Let’s return to the setting where humans evolved. In tribes of 150 people or less, learning to follow authority would give you two distinct advantages:
If you couldn’t follow the authority of your parents, you might repeat deadly mistakes of past generations. And if you couldn’t follow a leader, you might find yourself exiled and forced to find another tribe.
Those authority figures could easily prove their qualification for their role.
But, if you are trying to gather leads from your blog, you face a different type of challenge. You need to prove your authority simply through words and video. You can’t force your audience to pay attention like a tribal leader might be able to.
One company that does an excellent job of building authority is Drift, a conversational marketing tool that allows you to interact with visitors currently on your website.
They created a “Lead Response Report” to measure the responsiveness of 512 B2B brands.
There are thousands of live chat tools on the market today. Why should you trust Drift above all the others? You might be tempted to jump into a discussion about features, like chatbots and integrations with CRM systems. But other companies have those features, too.
Instead, Drift chose to position itself as an expert in gathering more leads from your website.
They tried to get in touch with 512 companies via their website. Do you know how much time that takes? Only a company that has a deep dedication to lead generation would put in that much time.
You will never find a marketer whose job depends on their ability to adopt the “best” live chat tool on the market for their company.
But, almost every content marketer will be judged on their ability to generate leads off their website. So that is where Drift chose to build authority.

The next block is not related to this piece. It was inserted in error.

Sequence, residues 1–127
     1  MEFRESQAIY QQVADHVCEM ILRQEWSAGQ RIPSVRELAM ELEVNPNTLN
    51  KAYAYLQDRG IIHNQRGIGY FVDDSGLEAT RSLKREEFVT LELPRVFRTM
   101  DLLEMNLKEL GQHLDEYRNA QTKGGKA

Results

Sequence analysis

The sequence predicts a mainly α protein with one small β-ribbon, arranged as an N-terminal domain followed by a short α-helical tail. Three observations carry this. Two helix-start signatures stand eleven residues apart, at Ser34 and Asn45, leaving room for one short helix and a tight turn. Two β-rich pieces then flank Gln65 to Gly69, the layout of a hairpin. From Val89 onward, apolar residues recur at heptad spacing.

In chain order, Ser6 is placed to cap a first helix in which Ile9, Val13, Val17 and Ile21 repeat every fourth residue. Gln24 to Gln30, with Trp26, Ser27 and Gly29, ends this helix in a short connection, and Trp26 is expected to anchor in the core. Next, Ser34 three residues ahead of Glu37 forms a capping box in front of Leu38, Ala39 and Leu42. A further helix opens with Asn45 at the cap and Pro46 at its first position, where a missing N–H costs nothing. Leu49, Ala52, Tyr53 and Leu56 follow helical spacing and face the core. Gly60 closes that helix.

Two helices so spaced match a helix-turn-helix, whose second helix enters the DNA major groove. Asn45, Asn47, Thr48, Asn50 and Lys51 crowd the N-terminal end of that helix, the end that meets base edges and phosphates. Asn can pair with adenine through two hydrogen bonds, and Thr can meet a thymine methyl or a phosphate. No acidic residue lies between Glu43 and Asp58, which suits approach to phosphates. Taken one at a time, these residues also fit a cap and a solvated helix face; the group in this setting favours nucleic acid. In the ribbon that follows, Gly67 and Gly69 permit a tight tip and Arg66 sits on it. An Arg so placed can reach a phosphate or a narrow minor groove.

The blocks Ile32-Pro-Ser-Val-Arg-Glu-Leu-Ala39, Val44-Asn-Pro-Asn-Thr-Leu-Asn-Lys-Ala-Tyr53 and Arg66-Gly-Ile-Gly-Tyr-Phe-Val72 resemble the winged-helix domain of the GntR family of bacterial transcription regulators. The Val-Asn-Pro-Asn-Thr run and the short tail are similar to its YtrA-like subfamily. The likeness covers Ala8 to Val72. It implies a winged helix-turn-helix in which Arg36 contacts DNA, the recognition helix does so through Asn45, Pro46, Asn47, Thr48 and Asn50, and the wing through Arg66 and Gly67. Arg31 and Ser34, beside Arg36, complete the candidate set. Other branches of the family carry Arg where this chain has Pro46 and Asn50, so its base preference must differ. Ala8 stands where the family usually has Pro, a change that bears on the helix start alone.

The lesson here is that you need to build authority in an active conversation that prospects are already having. In the case of Drift, it’s “How can I get more leads from my website?” If the majority of prospects were concerned about which live chat tool had the best chatbots, then you would instead want to show expertise in that area.
Social proof is another one of Cialdini’s 6 key factors of influence. Many websites use customer testimonials and reviews to demonstrate social proof.
Although this is certainly valuable, I am not going to cover social proof here because I don’t see too many people taking shortcuts and expecting great results on this one.
With authority and reciprocity, there are plenty of misconceptions about the types of blog content that will generate leads. Social proof is a little easier to collect and present.
If you would like to learn more about using social proof on your blog, check out our guide to company blogging.
Your ultimate goal should be “leads generated” or “customers acquired from blog leads”. But, top of funnel posts can still be valuable assets without converting a high percentage of leads.
So, you might have more luck with using behavioral metrics from Google Analytics. These metrics look at on-page habits, rather than conversions. Here are three metrics you can use to see whether you are building authority and encouraging reciprocity:
If you want to track all of these metrics in one place to see which blogs have the most psychological power, you might enjoy our Blog Quality Metrics dashboard.